Get a backpack that looks right everywhere.

Personal style is unique to everyone, so when you've found a few backpacks that you find visually appealing, consider the context in which you'll be using your gear.

While bright bold colors make you easy to pick out from a crowd, this can also mark you as a tourist on the streets of a foreign city. This can make you a target for thieves. They also might not be the right fit for an office or professional setting.

Sleek, understated designs can be more versatile. Whether you're headed to the office, the gym, or up a mountain in Sri Lanka, your backpack should be get you there reliably and have a look that fits the setting.

Some travel backpacks look like hiking packs. Some look modern, and others look more like traditional travel luggage. Choose a bag that's suited to your lifestyle, not just the next trip you'll take.

The right backpack for you should feel right in all the places you'll find yourself over time — big cross-border trips, short weekend journeys, and even your everyday commute!


Comfort comes first.

Since they're often built with long-term all-day-everyday use in mind and made to haul everything you need on longer trips, great travel backpacks need to be designed with your comfort in mind.

Look for a pack that uses high-quality materials in their shoulder straps to ensure a soft, sturdy and lightweight carrying experience.

Equally useful are features that allow you to tailor your fit like a fully adjustable chest strap and load lifters, a technology borrowed from mountaineering gear that draws the weight of your bag over your center of gravity. This allows for customization for an individual's body type. Dialing in the perfect fit makes carrying a heavy load much more comfortable while you're on the move.

If you've ever traveled a long distance with a heavy weight on your back, you know that hip pads can ease the strain on your neck and shoulders enormously. Most travel backpacks are only half the size of their wilderness hiking cousins so hip pads aren't necessary for ordinary use — but depending on your body frame and how much you've squeezed into your bag, they can be a big help when you need them.

Look for a backpack with a hip/waist technology that matches the way you plan to use it. If you're planning to do lots of hiking under heavy weight, you may appreciate a robust hip belt. If you wouldn't use it regularly, a thick and padded belt with extra pockets will just add weight and get in your way.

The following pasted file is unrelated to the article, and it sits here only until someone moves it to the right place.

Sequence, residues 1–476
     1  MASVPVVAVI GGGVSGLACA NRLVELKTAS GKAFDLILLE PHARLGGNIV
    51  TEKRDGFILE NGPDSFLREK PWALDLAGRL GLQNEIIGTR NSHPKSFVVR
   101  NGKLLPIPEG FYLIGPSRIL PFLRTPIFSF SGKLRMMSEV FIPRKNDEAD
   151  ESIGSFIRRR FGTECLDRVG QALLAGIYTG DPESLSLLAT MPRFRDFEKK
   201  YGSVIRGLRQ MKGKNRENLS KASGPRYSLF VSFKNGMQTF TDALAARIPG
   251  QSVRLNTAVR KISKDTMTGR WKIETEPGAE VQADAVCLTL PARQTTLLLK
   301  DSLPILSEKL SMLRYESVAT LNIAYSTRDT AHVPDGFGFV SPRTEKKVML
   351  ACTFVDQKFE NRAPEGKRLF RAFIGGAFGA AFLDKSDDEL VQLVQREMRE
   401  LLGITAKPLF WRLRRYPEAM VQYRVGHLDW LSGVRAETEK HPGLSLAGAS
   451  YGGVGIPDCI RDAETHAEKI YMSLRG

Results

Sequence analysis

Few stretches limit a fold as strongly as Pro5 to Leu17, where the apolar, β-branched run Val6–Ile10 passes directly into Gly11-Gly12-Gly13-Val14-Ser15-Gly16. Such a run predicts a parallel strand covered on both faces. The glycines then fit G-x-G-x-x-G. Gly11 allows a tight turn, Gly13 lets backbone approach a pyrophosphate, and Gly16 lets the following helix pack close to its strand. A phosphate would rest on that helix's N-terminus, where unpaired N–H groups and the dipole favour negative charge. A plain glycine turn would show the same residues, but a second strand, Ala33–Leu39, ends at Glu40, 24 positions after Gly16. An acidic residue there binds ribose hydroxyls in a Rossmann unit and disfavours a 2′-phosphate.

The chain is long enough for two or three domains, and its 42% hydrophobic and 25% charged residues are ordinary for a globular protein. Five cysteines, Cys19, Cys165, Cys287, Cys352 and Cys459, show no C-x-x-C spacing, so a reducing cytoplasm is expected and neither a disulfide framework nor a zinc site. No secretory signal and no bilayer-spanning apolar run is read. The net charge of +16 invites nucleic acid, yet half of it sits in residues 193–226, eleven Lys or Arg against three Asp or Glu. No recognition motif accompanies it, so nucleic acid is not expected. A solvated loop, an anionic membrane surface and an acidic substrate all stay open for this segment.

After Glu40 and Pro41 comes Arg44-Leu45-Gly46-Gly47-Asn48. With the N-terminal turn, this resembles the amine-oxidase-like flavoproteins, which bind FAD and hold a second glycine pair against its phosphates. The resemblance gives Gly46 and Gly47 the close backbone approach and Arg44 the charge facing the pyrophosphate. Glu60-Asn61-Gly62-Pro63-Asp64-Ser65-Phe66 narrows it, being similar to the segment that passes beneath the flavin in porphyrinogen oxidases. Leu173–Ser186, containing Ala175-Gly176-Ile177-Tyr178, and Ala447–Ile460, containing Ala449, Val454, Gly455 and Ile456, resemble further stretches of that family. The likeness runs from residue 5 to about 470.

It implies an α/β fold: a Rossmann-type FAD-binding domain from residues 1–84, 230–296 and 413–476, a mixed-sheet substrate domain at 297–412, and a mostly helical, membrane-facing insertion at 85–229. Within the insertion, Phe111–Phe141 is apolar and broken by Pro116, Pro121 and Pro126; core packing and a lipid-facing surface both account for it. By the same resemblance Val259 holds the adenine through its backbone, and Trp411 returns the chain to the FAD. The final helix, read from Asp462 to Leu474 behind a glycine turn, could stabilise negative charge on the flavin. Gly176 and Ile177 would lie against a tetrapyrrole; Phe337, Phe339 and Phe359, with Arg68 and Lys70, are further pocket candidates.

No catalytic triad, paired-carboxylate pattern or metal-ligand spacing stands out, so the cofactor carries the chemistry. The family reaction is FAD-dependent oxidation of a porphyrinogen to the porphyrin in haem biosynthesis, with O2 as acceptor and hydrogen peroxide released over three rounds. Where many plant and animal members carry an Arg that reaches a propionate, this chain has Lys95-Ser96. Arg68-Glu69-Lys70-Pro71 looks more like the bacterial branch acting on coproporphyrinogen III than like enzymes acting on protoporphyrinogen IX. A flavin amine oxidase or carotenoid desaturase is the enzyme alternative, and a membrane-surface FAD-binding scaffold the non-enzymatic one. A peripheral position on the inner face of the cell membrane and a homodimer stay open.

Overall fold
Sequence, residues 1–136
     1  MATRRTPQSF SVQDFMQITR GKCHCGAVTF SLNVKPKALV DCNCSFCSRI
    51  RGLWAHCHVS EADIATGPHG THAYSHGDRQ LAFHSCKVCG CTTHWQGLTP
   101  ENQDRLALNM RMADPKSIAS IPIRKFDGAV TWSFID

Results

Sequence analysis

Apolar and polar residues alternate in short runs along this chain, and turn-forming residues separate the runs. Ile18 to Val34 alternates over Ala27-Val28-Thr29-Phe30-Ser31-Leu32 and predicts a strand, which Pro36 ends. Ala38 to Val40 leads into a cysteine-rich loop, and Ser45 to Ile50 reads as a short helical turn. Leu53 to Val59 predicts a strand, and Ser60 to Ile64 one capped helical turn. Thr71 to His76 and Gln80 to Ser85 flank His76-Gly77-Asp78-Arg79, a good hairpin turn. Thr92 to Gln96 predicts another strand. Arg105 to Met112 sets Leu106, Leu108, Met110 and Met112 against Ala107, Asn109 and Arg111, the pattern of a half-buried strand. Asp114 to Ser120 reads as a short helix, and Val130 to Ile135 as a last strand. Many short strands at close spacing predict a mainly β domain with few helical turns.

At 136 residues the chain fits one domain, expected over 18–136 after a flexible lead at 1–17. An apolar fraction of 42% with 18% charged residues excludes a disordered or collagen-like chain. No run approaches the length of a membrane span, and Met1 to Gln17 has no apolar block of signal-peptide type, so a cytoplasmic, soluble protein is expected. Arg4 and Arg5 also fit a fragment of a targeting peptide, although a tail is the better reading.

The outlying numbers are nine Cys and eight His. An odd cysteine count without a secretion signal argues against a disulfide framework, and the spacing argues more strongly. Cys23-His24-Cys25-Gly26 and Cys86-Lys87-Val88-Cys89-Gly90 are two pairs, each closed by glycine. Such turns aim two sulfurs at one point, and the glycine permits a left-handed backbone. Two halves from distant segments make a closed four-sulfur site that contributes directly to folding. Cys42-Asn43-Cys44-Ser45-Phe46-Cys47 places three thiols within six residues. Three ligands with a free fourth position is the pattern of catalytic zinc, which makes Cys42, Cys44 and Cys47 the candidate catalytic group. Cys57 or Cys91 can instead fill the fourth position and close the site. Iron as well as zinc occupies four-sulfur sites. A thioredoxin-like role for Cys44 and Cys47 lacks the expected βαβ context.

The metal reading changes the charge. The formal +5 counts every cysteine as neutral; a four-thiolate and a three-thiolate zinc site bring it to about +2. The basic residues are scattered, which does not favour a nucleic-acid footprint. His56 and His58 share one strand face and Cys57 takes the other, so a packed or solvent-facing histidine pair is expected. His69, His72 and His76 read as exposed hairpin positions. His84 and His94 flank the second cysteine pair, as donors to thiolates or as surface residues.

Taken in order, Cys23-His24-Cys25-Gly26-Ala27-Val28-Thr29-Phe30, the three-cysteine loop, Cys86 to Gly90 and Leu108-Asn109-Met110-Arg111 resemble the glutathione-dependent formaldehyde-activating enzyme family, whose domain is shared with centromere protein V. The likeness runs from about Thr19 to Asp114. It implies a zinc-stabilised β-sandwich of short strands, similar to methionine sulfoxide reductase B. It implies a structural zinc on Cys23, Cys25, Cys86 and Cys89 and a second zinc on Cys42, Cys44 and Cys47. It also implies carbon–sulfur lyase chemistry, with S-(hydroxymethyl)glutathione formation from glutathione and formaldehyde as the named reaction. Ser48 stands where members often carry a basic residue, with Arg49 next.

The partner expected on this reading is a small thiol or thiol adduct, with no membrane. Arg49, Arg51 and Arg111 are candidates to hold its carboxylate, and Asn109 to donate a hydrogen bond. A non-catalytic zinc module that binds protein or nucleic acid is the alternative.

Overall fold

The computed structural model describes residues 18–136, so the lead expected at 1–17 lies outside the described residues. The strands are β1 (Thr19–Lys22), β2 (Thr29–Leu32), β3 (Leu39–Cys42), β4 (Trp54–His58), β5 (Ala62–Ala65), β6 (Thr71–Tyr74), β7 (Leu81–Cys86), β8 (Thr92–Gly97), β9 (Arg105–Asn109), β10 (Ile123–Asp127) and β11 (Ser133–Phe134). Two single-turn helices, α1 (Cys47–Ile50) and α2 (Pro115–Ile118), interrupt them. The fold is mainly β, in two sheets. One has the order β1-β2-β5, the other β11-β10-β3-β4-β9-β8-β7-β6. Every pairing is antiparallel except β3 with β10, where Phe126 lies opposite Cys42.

If you plan on using your backpack in lot of different contexts, modular hip pads are a great solution to maximize versatility. Because they detach from your bag, they're there when you need them and disappear when you don't. Modular hip pads also tend to be a bit smaller than their permanent counterparts, so you get the support you need when you need it, but can pack them away easily without sacrificing a lot of space or weight.


Find travel backpacks designed by people who use them.

Travel backpacks are built with long-term travelers in mind. When you're the kind of person that thinks of your bag as 'your apartment' because it's literally what you live out of every day, the details matter immensely.

The best travel backpacks are built by teams that have lived out of them for months and years at a time.

While clever design touches like clam-shell opening and stow-away straps are bound to filter down to mass market manufacturers at some point, the most thoughtful development is being done by teams who live on the road, constantly testing and improving their gear day in and day out.

If a bag can hold up to the rigors of life on the road, it'll be able to take whatever you throw at it.  

Look for gear built by people who have lived out of their own products, effectively road-testing it over a few generations of design improvements. That's the best way to ensure that you find the highest quality gear and empathetic customer service to match.

These makers care about the gear they build because they use it every day. They'll bend over backwards to help you out of a jam if you have an issue no matter where you are in the world — as chances are they've been in your situation!

Why a travel backpack is the best choice for you

There's no such thing as the best backpack for every situation. But if you're looking for the most versatile single backpack out there rather than a quiver of specialized options, a travel backpack is far and away the best choice.

Why choose a travel backpack?

Choose an international-sized travel backpack to save on baggage fees